British Prime Minister Boris Johnson suffered a major defeat in Parliament on Tuesday night as rebellious lawmakers voted to seize control of the Brexit agenda. The prime minister immediately said he would call for a new general election.
The 328 to 301 vote cleared the way for Johnson's opponents to introduce a bill Wednesday that would prevent Britain from leaving the European Union without a deal October 31.
The cross-party rebels are determined to prevent a "no-deal" Brexit because of fears it would gravely damage the economy, and the vote came hours after Johnson suffered key defections from his party, losing a working majority in Parliament.
On a day of high drama and acerbic debate in the House of Commons, lawmakers returned from their summer recess to confront Johnson over his insistence that the U.K. leave the European Union on October 31, even without a withdrawal agreement to cushion the economic blow. Many shouted, "Resign!"
In total 21 Tory members of Parliament — including a number of ex-cabinet ministers — joined opposition parties to defeat the government, BBC News reports.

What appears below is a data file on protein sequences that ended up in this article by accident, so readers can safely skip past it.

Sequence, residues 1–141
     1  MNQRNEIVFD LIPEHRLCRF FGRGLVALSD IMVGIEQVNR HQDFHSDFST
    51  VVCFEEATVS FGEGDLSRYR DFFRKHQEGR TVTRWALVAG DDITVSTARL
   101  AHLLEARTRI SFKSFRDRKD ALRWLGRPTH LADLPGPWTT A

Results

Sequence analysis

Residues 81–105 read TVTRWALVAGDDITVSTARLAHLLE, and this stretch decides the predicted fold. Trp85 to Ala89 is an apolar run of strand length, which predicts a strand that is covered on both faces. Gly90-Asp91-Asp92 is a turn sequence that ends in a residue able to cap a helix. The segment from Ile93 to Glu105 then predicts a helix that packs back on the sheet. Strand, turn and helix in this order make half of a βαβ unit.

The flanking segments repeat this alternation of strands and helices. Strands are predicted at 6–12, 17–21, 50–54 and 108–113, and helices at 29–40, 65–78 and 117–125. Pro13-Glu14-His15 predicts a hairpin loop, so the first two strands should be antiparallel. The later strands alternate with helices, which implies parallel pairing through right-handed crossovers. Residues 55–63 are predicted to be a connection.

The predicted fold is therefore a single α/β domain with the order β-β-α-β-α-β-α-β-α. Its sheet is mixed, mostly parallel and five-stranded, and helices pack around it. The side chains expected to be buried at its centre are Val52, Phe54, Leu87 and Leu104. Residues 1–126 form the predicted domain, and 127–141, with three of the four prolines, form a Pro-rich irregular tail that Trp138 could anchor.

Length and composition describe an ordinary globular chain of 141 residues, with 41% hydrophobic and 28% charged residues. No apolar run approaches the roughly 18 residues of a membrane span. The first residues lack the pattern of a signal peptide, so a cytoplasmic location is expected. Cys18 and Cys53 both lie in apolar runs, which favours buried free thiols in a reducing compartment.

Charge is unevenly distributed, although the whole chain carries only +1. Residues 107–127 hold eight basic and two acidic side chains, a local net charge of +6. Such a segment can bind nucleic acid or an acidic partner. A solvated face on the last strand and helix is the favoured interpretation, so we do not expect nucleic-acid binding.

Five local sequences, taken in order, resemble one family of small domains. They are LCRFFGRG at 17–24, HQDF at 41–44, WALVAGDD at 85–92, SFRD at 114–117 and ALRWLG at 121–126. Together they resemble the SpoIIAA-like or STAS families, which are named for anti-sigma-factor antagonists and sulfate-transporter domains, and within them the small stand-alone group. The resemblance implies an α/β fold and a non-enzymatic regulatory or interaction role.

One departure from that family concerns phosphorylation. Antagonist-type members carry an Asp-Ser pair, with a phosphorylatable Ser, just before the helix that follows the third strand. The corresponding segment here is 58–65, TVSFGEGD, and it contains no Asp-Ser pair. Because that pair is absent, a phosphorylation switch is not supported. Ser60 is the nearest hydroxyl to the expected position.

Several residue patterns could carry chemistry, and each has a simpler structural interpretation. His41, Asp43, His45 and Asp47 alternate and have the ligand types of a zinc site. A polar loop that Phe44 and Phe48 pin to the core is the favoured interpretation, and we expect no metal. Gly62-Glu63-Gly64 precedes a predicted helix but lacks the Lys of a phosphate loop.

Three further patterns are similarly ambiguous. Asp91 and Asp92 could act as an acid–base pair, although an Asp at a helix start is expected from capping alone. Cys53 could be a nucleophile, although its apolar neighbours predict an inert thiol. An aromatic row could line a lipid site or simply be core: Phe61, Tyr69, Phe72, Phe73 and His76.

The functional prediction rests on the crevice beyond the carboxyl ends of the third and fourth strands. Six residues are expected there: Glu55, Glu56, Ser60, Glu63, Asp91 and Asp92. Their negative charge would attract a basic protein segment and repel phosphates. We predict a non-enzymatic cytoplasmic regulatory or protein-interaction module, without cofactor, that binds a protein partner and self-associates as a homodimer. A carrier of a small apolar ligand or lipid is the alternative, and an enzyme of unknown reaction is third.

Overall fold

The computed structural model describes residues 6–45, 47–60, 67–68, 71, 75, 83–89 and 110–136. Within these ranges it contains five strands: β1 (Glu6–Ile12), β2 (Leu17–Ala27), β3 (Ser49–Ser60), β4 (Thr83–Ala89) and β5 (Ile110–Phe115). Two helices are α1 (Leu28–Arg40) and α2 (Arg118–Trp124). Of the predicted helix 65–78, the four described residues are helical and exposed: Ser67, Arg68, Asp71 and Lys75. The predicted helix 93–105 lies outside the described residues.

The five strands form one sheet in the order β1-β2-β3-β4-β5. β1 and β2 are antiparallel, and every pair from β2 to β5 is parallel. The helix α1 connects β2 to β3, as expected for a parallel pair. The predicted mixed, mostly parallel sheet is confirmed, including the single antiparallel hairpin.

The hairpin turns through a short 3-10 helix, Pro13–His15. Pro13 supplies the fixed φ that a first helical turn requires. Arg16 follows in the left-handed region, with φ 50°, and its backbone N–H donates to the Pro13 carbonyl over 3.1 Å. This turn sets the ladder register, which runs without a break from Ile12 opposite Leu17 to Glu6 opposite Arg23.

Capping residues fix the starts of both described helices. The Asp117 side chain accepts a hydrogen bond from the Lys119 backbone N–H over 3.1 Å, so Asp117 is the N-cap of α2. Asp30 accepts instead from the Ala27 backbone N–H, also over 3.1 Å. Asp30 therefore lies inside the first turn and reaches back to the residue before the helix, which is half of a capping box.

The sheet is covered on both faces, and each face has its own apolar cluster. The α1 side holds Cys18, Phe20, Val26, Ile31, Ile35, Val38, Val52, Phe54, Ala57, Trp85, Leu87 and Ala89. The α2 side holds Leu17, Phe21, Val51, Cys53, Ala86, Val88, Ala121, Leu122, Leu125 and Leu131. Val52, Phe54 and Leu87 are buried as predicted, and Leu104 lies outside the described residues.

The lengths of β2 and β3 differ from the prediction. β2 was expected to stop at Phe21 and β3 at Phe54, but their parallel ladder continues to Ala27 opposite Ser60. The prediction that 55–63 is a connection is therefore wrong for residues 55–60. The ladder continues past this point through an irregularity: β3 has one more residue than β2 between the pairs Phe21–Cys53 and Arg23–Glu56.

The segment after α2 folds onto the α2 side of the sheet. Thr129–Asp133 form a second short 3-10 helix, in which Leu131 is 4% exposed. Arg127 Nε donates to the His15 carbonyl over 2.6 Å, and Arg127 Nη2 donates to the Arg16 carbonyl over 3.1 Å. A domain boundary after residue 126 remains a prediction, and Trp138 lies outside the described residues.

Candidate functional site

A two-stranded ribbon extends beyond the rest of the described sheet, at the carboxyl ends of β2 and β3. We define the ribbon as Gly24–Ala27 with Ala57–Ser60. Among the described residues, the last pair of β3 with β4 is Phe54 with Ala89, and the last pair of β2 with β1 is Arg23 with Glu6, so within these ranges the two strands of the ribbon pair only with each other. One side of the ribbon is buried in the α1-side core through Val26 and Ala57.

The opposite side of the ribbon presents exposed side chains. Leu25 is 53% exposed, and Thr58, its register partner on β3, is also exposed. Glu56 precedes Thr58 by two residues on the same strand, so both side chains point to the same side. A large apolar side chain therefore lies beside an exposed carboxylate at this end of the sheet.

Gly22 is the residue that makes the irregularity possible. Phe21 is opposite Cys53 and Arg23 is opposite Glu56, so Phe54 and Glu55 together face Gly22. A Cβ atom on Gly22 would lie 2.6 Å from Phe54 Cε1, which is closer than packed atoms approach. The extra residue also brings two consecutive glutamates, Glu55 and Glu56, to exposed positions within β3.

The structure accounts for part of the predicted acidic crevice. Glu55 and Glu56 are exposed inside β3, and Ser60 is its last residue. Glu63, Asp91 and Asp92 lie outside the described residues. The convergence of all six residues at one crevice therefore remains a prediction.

A new general election would take Britain's future directly to the people for a third general election in four years.
Earlier Tuesday, two other prominent Conservatives signaled their intention not to seek re-election rather than bend to Johnson's will. Former Cabinet minister Justine Greening and former Foreign Office Minister Alistair Burt also signaled their intention to stand down.
Jeremy Corbyn, leader of the main opposition Labour Party, lambasted the weakened Johnson and accused him of "riding roughshod" over the constitution in order to crash Britain out of the EU without a deal.
"He isn't winning friends in Europe. He's losing friends at home. His is a government with no mandate, no morals and, as of today, no majority," Corbyn said.